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VIEW OF IMPROVEMENTS IN SCIENCE DURING THE YEAR.
Light.- Heat.-Hyposulphurous acid and its compounds.-Discovery of
Hyposulphuric Acid.--Experiments of Sertürner, Vogel, and Gay Lussac, on the action of sulphuric acid on alcohol. --Mineral waters.-Mea. surement of the height of the Himalaya Mountains.—Curve of permanent congelation.
LIGHT AND HEAT.
position of his needles; for, if they
had been placed nearly in the magOn the interesting subjects of Light netic meridian, a certain temperaand Heat, no great quantity of ad- ture preserved for a certain time ditional information was brought may be conceived to be capable of into view during the course of this inducing permanent magnetism. year. It will be recollected, that, The most remarkable paper on some years ago, Morichini bad
per. the subject of heat is an early proformed a set of experiments,' by duction of Professor Leslie, “On which he professed to have discover- Heat and Climate,” which had been ed that steel wire, when exposed for read at two meetings of the Royal a certain time to the violet rays of Society as far back as the year 1793, the sun, becomes magnetised. These but was first published in the “ Anexperiments have been repeated nals of Philosophy" for July 1819. by various philosophers, general. The novelty of the views developed in ly without success; though there this ingenious performance, its total are some who affirm that they have deviation from the opinions generalverified Morichini's discovery. The ly received at the time, and the disreality of this power of the violet regard of authority evinced by the rays was, therefore, very generally author, appear to have startled the called in question, till it was an. Committee of the Royal Society, and nounced in the Bibliothéque Univer- prevented them from inserting it in selle, that the late Professor Playfair their Transactions. As far as Mr had witnessed a successful experi- Leslie was concerned, this was perment of this kind. Since the time haps fortunate. It induced him to of this announcement, various other re-consider the subject, and probapersons, and, among the rest, M. bly led to most of the investigations Dhombres Firmas, have tried this afterwards given to the world in his experiment, and have uniformly fail. “ Inquiry into the Nature and Proed. The success of Morichini's ex- pagation of Heat ;" a work which perinent must, therefore, have, in has deservedly raised the author to all probability, been owing to the the highest rank in science as a pro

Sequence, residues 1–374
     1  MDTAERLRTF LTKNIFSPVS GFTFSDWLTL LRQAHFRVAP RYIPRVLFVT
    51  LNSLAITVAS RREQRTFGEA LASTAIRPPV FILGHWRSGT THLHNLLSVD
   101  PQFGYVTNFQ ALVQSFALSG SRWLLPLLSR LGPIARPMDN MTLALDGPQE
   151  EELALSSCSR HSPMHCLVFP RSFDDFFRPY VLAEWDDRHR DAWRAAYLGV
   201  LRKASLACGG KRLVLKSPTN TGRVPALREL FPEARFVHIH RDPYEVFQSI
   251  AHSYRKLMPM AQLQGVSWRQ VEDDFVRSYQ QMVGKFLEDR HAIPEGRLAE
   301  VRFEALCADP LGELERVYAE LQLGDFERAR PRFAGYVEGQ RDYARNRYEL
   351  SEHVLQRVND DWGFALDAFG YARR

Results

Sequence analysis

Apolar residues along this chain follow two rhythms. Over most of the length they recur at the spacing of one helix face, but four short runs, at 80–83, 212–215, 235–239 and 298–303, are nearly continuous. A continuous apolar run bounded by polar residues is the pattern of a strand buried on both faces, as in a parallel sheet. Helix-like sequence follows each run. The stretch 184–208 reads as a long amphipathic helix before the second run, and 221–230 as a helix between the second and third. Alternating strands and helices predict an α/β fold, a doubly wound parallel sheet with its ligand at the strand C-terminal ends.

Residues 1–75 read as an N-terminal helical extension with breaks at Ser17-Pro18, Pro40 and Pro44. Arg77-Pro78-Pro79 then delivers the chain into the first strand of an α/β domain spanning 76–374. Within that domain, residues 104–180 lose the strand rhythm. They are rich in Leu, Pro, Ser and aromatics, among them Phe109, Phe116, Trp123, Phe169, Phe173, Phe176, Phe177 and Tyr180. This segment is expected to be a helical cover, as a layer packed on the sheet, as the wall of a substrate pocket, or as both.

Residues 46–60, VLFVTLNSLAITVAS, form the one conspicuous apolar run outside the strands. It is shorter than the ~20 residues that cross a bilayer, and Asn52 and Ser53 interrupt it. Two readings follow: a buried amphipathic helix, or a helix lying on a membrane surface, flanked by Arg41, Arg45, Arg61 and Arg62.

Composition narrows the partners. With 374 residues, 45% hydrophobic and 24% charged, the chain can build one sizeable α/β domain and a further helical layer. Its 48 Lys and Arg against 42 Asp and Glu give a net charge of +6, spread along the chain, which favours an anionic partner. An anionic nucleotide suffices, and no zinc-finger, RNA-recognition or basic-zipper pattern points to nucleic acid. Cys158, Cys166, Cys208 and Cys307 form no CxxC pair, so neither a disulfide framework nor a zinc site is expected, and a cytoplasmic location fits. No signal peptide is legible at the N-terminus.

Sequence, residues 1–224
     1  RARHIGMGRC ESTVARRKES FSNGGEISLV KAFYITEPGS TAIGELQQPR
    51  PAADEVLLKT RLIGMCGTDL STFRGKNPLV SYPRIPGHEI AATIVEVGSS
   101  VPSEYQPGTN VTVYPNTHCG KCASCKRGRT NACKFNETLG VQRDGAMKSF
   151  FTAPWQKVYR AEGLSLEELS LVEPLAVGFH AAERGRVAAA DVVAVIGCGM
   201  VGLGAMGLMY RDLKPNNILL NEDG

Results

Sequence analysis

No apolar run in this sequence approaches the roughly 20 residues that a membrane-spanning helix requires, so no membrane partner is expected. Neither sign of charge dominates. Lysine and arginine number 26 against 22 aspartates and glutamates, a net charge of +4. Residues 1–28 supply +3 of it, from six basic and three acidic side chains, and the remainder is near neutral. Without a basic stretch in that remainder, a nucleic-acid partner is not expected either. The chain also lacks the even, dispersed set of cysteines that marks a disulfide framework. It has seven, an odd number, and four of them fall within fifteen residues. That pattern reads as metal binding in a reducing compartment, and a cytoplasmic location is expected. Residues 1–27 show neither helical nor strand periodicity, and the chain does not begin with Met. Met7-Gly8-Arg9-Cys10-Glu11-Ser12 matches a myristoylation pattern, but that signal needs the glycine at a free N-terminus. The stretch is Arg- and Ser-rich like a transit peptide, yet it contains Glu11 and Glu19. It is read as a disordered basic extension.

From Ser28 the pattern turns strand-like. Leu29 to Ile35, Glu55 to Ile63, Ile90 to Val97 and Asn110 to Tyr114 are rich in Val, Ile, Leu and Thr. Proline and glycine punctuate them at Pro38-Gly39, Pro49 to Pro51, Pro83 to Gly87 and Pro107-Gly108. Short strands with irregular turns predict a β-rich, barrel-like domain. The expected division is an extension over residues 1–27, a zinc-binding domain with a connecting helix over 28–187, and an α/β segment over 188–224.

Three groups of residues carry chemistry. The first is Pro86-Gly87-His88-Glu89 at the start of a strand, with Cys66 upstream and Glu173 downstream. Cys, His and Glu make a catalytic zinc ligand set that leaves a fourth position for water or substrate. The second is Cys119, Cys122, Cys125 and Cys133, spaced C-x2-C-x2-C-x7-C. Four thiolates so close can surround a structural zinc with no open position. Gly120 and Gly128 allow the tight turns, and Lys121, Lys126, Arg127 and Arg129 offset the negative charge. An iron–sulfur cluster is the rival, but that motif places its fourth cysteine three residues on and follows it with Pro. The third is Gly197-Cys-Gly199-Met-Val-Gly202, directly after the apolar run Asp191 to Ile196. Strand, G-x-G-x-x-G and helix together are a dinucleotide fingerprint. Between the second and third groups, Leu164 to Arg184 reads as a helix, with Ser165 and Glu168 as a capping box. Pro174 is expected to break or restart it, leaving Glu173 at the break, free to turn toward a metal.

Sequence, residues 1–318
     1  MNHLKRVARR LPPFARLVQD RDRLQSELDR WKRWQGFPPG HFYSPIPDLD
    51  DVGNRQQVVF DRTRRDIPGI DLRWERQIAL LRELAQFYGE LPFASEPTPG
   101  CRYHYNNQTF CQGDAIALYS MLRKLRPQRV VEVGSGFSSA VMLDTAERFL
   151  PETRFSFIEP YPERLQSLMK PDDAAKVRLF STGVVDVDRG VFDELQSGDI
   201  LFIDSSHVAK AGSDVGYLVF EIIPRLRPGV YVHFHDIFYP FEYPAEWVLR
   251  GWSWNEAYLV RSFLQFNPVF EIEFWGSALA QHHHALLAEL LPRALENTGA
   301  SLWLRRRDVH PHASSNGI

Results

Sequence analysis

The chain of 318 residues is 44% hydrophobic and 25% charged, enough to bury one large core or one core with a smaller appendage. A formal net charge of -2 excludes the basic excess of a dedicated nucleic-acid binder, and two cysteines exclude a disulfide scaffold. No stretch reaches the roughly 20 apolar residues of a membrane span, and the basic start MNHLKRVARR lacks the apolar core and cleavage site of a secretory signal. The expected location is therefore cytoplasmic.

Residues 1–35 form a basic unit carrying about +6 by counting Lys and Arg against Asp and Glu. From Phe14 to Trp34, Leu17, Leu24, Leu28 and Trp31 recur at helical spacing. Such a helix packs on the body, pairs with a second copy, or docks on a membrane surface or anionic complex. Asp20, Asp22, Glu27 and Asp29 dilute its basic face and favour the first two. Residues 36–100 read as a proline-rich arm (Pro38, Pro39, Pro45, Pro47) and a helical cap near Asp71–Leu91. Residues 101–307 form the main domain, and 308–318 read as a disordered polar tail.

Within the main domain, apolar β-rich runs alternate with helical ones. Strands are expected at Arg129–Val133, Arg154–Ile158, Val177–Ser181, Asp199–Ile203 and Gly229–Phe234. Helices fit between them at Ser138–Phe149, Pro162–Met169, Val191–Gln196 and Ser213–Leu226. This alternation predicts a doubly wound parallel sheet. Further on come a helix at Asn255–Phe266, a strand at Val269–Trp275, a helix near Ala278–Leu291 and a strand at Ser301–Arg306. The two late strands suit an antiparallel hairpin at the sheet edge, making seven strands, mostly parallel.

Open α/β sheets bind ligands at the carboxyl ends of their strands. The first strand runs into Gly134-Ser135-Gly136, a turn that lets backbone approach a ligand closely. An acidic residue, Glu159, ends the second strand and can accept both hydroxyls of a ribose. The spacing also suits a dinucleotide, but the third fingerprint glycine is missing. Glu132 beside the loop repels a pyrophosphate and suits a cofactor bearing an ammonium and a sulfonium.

found thinker and original discoverer. plates; and when this number is Into the peculiar doctrines develop. very great, as in Deluc's column, the ed in this ingenious paper, it would calorific effects become evanescent. be obviously superfluous to enter at The caloric is evolved, by the inpresent; but there is one operation crease of surface; and he has shown which we beg leave to notice, be that it may be very intense, even cause we consider it inaccurate in when only a single pair of plates is point of fact. Professor Leslie says, used. Upon this principle, he conthat, on descending into the deepest structed a battery, which produced mines, no sensible increase of tem- intense ignition without any electriperature is ever observed. Now, cal phenomena. the fact is, that, in the copper mines of Cornwall, it is no uncommon thing HYPOSULPHUROUS ACID AND ITS to find the air hot enough to raise
COMBINATIONS. the thermometer to 100°; and that, in the salt mines of Cheshire, the But one of the most important in. miners work without their clothes, vestigations connected with experi. and rather complain of heat than mental chemistry, which this year cold. Dr Thomson supposed the produced, is that of Mr Herschell, temperature of the air in the salt on the hyposulphurous acid and its mine at Nantwich to range between compounds. An accident first led 80° and 90°; and it will be seen him to the prosecution of the inquiry, from a table published by Mr Bald, which has conducted to some inte. that the air and the water at the resting results. Having set aside, for bottom of the deep coal mines in a few days, a solution of hydrogu. Durham, Cumberland, Northumberretted sulphuret of lime, he was land, and Stafford, are from 19° to struck by observing a bitterness in 19° higher than at the surface of the the liquid when almost wholly deearth. Whether we attempt to ex. composed and colourless, similar to plain this difference by the theory that of magnesia, the presence of of subterranean or central fire, or which he at first suspected, but was by any other hypothesis, the fact it- soon undeceived.
The liquid had self is undoubted ; and we are rather lost its property of precipitating surprised that a philosopher so re- iron or copper from their solutions markable as well for the accuracy of in the state of sulphurets, though it his information, as for the delicacy still gave a copious precipitate to the of his experiments, and the origina- carbonated alkalies, and of course lity of his views, should have fallen retained lime in some state of union into such an error.
with an acid, which could not be